Interpersonal Effectiveness Series # 4 FAST Skills- How to have hard conversations and keep respect for yourself

Interpersonal Effectiveness Series # 4 FAST Skills- How to have hard conversations and keep respect for yourself

The last skill in this acronym (DEAR MAN GIVE) is FAST skills. These skills are for “keeping respect for yourself.”

For the people pleasers in the crowd (raise your hands) this is the skill for you! It is possible to keep respect for yourself while also keeping your relationship, not being selfish, and still respecting the other person.

As a self-identified, life-long, people pleaser I always equated speaking up for myself or having an opinion as synonymous with rocking the boat and upsetting other people. I have heard (and had my brain tell me) every possible myth out there of why it is not ok to advocate for yourself (rude, selfish, not polite, not ladylike, aggressive, cold, calculated, manipulative… you get the point right?).

I am here to tell you that advocating for your self is not only ok but necessary and your right as a human being. All human beings deserve to be treated well and to advocate for themselves when they are not. I am not saying that this will be easy or come naturally, it will take hard work, but it will be worth it.

When we do not advocate for ourselves our needs are usually not met and negative feelings such as resentment can build. Resentment is a threat to any relationship. While holding your feelings and your tongue may seem like the best option at the beginning of a relationship, over time it will actually degrade the relationship.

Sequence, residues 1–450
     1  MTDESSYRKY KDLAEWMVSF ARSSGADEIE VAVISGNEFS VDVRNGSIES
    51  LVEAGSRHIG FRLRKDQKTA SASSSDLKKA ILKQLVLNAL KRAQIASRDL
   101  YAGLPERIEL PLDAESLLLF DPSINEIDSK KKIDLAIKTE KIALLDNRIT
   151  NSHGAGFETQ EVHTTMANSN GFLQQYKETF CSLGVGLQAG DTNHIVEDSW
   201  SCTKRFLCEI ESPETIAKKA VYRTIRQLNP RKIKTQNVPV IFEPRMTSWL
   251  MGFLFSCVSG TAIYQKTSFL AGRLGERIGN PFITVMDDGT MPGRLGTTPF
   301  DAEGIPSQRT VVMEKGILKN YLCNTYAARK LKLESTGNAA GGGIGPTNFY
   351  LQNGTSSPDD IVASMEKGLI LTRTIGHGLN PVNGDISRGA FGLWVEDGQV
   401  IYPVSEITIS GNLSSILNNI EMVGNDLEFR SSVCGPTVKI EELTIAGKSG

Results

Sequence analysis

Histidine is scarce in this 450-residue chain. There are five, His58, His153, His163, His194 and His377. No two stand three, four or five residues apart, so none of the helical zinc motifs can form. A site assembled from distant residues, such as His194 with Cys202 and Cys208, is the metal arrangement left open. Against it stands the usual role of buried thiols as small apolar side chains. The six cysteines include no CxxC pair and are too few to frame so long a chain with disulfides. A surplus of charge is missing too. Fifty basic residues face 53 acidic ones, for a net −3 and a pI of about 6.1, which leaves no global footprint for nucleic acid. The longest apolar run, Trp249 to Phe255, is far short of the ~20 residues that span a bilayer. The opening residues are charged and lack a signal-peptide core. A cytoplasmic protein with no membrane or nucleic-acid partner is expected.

The other threat that holding in our voices has, is that those around us are not really connected to the true us. If we hide who we really are for the sake of getting others to like us, they do not even like the real us. Thus, it is better to be the real you at the beginning of a relationship so that you know if someone is truly a good fit for who you really are. If they do not mesh well with who you really are, then you know it is not a good fit for you.

The steps for FAST skills are as follows:

(be) Fair

Be fair to both yourself and the other person. As a people pleaser, it is easy to get caught up in the other person’s needs or emotions and try to predict how they will react. Our actions can quickly become about the other person and not what we truly want.

This step guides you to make sure that you are being fair and true to your self and what you need. Remember to check in with your needs, wishes, wants, and feelings and act on those rather than what you think the other person wants.

If you notice that you are focusing entirely on the other person, take a step back and re-focus on your goals for the interaction. The simple question of “what do I want?” should be enough to guide you back on track.

With this said, it is also important to still be fair to the other person. I am not telling you to be a bulldozer and to do whatever you want to get your needs met. I am telling you to balance both your needs and the other person’s needs and not let either one take over fully.

(no) Apologies

Anyone else ever feel like an apology machine? I remember once someone bumping into me and me apologizing for it. For those that identify as people-pleasers, we are often trained to apologize for everything (our needs, wants, desires, and sometimes our mere existence).

Apologies are important for taking accountability when we have actually done something wrong, but for some of us, we are apologizing inappropriately (where we have done nothing wrong and do not need to apologize).

We do not need to apologize for being alive, making a request, having an opinion, or for disagreeing. We are allowed to do these things so long as we communicate them in an appropriate manner.